Oliver has always dreamed about where he will fit. Will he be in the mane of a unicorn? The tentacle of a pirate squid? The helmet of an astronaut? When he finally goes in search of his perfect place, he finds that trying to fit in is a lot harder than he thought. But like any puzzle, a little trial and error leads to a solution, and Oliver figures out exactly where he belongs.
Where Oliver Fits is a sweet and funny story that explores all the highs and lows of learning to be yourself and shows that fitting in isn't always the best fit.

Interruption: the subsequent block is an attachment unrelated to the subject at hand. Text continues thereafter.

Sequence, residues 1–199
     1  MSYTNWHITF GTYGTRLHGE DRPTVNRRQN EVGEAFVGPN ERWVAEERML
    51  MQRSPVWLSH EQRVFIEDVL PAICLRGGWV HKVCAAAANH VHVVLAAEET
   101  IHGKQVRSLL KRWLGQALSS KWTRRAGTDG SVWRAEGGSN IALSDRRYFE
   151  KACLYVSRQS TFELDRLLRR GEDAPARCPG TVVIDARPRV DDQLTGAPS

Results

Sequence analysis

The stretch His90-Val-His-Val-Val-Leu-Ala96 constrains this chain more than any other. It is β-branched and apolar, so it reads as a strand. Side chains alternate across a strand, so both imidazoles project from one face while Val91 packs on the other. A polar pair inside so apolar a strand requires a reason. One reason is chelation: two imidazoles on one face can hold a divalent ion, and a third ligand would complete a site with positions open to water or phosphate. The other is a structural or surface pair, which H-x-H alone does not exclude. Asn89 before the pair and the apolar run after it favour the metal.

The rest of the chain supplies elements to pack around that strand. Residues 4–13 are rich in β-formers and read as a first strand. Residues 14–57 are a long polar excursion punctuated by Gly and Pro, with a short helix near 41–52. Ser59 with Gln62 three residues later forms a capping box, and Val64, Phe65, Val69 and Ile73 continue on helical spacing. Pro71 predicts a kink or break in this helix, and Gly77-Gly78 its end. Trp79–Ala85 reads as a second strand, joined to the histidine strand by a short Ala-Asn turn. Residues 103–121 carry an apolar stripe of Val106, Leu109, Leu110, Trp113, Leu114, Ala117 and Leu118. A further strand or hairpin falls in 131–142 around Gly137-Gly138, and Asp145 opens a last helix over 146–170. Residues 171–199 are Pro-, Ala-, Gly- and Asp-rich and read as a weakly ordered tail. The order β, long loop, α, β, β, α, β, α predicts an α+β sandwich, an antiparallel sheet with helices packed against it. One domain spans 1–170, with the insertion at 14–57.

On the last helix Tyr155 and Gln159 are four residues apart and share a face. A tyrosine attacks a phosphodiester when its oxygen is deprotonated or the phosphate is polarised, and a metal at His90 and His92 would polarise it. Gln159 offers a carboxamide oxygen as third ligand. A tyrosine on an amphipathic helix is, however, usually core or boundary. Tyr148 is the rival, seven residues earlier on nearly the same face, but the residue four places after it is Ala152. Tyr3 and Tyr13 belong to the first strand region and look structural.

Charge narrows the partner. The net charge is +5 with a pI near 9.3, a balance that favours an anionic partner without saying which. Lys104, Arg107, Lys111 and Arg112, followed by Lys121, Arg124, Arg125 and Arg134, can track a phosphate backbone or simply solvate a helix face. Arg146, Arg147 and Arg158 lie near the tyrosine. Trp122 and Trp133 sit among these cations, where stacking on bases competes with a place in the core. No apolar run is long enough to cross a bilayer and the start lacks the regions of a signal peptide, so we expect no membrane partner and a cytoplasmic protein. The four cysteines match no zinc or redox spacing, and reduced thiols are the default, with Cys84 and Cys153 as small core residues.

Playing with the idea of finding one's place, Atkinson (Explorers of the Wild) introduces a puzzle piece named Oliver who is searching for where he belongs. Ideally, he'd be "part of something exciting" (Atkinson shows a puzzle of a pirate squid cackling over his treasure chest), "wild" (a green monster plays electric guitar in another puzzle), or "out of this world" (an astronaut unicorn sails through space). For his part, Oliver is a small, blue and orange puzzle piece, with eager eyes and a big, round head. Through a mix of dialogue and lightly punny narration, Atkinson follows Oliver's misguided efforts to force himself into various puzzles, creating obvious parallels to the way humans mold themselves to fit different social circles (though perhaps not using markers and tape, as Oliver does). Some of Oliver's realizations are overly earnest "If I can't be me, then what fun is it to fit in?" but the message is valuable, and the closing revelation that the seemingly disparate puzzles are part of a single giant one is a unexpectedly touching reminder that, whether space unicorn or monster musician, we're all in this together. Ages 3 7.